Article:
Reducing runoff pollution: Sustainable West Seattle’s new grant

(WSB photo from Day 2 of West Seattle Summer Fest, 7/9/11)
A month ago at West Seattle Summer Fest, we took that photo of Sustainable West Seattle‘s Cate White talking about ways to reduce toxic runoff – a top pollution problem in Puget Sound. Tonight, SWS has announced a grant that will help them educate even more community members about how to reduce the problem. Here’s the full text of their announcement:

Sustainable West Seattle has been awarded a $20,000 grant from The Russell Family Foundation to help community members restore Puget Sound.

The group will be building an in-depth community outreach program aimed at helping educate local citizens about the sources of toxic runoff in the West Seattle area. Toxic runoff from sealed surfaces such as paved streets, sidewalks and rooftops is the number one source of toxins entering Puget Sound each year. Pollutants include motor oil, pesticides, fertilizers, grease, paint, heavy metals and dog poop. This toxic mix threatens human health, the economic vitality of the region, and the survivability of the Sound’s most emblematic species: salmon and orcas.

The grant from The Russell Family Foundation will enable Sustainable West Seattle’s volunteers to teach hundreds of our neighbors about simple actions they can take to reverse the damage to Puget Sound and restore it to health.

“We think once the public becomes more aware of how much toxic runoff enters our local waters each year, they will be motivated to take very simple steps to help reverse this damage,” said Cate White, Sustainable West Seattle Board Member and leader of the toxic runoff grassroots team.

Sustainable West Seattle will be scheduling presentations at several West Seattle Community Centers. At each presentation $1,000 in prizes will be raffled to audience members who pledge to personal actions to reduce polluted runoff. Prizes will include water cisterns, organic compost, native plants, car wash certificates, bus passes, and more!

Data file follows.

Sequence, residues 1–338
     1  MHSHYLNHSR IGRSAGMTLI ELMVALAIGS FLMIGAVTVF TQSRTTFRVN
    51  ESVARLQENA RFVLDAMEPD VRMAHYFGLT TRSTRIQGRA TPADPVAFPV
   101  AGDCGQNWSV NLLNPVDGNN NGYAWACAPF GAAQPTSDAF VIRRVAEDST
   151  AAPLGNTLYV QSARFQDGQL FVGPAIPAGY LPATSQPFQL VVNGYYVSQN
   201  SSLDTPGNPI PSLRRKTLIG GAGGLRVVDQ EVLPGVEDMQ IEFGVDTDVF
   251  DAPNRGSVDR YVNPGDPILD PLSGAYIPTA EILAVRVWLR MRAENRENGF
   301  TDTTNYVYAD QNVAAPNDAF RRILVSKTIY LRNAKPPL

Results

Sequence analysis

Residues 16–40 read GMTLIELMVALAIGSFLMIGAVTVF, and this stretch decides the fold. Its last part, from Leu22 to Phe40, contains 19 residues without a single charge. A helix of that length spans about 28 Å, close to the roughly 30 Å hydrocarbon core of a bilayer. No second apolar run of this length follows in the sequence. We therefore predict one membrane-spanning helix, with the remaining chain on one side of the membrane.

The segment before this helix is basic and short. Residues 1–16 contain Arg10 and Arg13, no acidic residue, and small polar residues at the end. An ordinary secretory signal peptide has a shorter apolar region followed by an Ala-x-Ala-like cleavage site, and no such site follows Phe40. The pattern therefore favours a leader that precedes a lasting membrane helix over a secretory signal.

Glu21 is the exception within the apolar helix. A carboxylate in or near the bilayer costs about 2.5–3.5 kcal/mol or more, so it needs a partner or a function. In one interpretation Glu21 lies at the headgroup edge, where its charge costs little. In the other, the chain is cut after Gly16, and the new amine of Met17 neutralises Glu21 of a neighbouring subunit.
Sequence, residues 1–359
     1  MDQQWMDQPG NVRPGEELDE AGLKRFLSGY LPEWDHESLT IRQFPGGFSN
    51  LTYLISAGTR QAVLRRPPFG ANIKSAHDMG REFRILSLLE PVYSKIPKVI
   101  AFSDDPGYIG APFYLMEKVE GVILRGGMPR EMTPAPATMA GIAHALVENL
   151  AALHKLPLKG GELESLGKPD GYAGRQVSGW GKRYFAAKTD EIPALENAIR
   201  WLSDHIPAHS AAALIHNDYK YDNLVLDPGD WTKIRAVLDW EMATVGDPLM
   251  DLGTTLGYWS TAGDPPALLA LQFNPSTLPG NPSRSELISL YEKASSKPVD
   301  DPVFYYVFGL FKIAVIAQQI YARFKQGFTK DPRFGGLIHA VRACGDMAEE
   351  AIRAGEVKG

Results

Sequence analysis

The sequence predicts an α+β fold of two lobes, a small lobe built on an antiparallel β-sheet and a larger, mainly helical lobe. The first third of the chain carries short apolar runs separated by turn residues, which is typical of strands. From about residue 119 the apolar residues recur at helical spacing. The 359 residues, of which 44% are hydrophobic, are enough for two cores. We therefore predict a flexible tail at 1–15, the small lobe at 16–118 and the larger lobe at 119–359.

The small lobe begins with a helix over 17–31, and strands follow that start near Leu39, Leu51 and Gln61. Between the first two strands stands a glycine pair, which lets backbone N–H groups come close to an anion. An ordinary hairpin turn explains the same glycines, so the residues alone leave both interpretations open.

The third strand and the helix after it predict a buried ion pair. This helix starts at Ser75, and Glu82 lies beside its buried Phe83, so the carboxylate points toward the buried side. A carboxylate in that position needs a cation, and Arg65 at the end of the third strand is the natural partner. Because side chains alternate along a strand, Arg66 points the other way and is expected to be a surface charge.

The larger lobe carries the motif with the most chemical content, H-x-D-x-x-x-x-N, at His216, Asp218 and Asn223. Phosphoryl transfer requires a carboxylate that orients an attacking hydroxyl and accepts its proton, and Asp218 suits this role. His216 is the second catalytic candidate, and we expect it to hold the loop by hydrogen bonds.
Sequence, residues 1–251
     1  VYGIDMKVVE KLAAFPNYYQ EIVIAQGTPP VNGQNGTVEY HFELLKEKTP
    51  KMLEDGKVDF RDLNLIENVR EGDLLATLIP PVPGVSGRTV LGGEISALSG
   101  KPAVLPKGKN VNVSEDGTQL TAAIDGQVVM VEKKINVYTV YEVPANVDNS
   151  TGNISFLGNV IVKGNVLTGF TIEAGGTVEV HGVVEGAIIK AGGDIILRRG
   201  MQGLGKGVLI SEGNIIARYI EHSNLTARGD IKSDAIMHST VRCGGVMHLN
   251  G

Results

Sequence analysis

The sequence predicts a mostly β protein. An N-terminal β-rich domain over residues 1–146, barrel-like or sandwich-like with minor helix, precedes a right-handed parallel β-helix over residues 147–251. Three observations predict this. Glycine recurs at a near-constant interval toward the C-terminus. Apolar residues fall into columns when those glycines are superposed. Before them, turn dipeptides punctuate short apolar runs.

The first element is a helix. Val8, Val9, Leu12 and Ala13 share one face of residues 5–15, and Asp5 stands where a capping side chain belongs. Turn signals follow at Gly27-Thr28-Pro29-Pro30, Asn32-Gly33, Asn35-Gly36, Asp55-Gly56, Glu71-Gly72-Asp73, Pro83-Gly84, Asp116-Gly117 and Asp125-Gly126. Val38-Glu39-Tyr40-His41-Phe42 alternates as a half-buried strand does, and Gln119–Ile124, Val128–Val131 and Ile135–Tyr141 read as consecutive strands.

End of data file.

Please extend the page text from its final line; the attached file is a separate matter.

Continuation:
If you are interested in having Sustainable West Seattle visit your church, synagogue, or other community center, please contact Events will be scheduled for late summer through the autumn.

9 Replies to "Reducing runoff pollution: Sustainable West Seattle's new grant"

  • JimmyG August 8, 2011 (9:58 am)

    One easy way to help is don’t support the parking lot charity fund raiser car washes that we see held all over WS.
    Corrosive and toxic substances get deposited on streets and highways and end up on cars and trucks.
    Wastewater from parking lot and driveway car washes containing toxic hydrocarbons, oil, grease, and other suspended solids like brake dust, often flow directly into storm drains intended for rainwater.
    These substances can then eventually end up in our rivers, lakes, and other waterways, potentially harming or even killing fish and other aquatic life.

  • DP August 8, 2011 (10:11 am)

    How could a wonderful story like this have no comments? I’m putting a stop to that right now.

    Good karma, Sustainable West Seattle. May you all live long enough to hear your great-great-grandchildren say thank you.

  • Mike August 8, 2011 (12:55 pm)

    JimmyG, it’s actually better if people do it at those car wash fund raisers since it does go into the storm drain and is treated. I’m more concerned with the mining of minerals for hybrid car batteries than I am about car washes.